The Lord’s blessing be upon you!
I welcome comments; I don’t claim to be infallible here. Possible themes to comment on:
What is the hardest thing to do when it comes to accepting someone? Is there anything in my thoughts you disagreed with?
Are there any groups or people you have a hard time accepting and loving unconditionally?
This post invites introspection. It seems that if spouse 1 is a “’conservative’ who loves Fox News and Sean Hannity,” and spouse 2 continues to express love for spouse 1 and tries unsuccessfully at times to withhold comment, that this provides something for spouse 2 to confess and to include in prayer. What would Jesus recommend to someone who loves another unconditionally for dealing with feelings of concern about the other?
Mark, I can relate to what you are saying. My spouse and I are by no means on opposite ends, but we definitely have different opinions on some of the events unfolding daily in today’s highly polarized climate. And at times we are both intolerant of each other’s views. He is not Orthodox and works in the financial sector, and much of his views are from a business perspective. I tend to default to a faith-based view in being financially prudent, but unwilling to compromise Christ’s teachings in that process. I’ll admit I get irritated when I see others in the faith excuse immoral failings and deception because there is some perceived gain in overlooking the ugly things. I’ve heard people cite King David as being an adulterer yet God still chose him to lead the Israelites…without mention that David actually repented for his failures. I am at least grateful my spouse and I see more eye-to-eye in that regard. With that said, I have learned that we have to agree to disagree, but still listen to each other’s perspective without being defensive or trying to change them. I believe this is important for BOTH spouses to do this. In that process of being a non-defensive and passive listener, I think both parties can open up to what the other is saying, and at least have a better understanding and tolerance in agreeing to disagree. I have actually learned a lot about things I wasn’t aware of that at least help me understand why others may see things differently. In the end, Levi was called and had the choice of walking with Christ, or continuing his life as a corrupt tax collector. We can lead a horse to water, but we can’t make them drink. But we can continue to love them, and pray that they may see things according to God’s will, not our will or their will. My two cents anyway…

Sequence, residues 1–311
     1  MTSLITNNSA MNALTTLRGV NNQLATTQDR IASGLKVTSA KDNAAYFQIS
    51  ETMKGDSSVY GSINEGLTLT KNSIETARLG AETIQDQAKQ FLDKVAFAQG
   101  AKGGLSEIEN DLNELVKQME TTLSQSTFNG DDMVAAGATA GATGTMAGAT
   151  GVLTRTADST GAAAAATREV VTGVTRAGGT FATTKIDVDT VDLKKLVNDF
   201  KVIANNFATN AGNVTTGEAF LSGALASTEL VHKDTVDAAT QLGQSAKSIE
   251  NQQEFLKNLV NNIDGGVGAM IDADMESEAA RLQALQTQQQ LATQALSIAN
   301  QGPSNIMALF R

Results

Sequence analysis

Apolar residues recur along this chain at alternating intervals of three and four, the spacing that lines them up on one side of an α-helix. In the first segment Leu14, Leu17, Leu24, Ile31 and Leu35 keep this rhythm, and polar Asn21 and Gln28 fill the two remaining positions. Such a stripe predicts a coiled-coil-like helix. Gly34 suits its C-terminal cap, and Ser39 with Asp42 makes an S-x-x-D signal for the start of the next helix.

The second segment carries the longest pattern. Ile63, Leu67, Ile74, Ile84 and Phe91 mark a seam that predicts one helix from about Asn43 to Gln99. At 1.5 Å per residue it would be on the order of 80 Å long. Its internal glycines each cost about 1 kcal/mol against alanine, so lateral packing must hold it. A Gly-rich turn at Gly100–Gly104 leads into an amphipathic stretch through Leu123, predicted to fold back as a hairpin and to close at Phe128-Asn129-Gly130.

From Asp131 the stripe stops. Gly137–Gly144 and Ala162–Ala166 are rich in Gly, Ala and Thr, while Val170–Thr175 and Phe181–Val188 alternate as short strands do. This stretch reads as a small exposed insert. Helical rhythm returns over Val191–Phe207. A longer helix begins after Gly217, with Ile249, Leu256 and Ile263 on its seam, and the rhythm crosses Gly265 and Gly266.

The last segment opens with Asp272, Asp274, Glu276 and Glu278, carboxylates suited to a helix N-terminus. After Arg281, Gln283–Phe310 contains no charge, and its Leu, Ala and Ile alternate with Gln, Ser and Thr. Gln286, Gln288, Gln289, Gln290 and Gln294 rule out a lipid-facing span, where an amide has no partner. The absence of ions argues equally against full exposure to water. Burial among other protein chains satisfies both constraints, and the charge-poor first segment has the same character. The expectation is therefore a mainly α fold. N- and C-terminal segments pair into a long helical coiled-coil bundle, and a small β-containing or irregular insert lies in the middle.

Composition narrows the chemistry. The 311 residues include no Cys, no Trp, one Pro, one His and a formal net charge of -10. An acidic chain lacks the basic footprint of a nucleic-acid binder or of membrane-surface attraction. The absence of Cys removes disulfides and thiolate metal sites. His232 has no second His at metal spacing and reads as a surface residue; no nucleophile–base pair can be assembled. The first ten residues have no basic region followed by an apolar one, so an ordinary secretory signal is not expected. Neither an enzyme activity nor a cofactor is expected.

Can you tell me something about yourself? I am not quite sure what you are looking for here. My point in this part of the reflection is that we are divided by ideology and how we label someone affects the way we treat them. Wouldn’t mind hearing a bit more detail of what you are dealing with before I can recommend anything. Christ is risen! God bless, +Paul of Chicago
Thank you Ms. Sennott! I appreciate your words. You remind me of God’s words: “Be still and know that I am God.” Continuing from my post, Spouse 2 needs to remember these words and to know that God’s will will be done.